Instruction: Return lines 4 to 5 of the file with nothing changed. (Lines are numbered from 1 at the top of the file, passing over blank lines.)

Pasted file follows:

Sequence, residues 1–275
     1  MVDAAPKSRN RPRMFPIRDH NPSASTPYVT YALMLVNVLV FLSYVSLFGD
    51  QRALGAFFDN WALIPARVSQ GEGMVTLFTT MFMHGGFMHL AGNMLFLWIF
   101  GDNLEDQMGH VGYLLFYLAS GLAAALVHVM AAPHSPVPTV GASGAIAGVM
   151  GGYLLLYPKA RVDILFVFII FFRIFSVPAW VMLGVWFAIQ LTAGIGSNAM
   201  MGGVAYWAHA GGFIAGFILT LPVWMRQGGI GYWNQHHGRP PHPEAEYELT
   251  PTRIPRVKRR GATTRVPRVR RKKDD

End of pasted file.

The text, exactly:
   101  GDNLEDQMGH VGYLLFYLAS GLAAALVHVM AAPHSPVPTV GASGAIAGVM
   151  GGYLLLYPKA RVDILFVFII FFRIFSVPAW VMLGVWFAIQ LTAGIGSNAM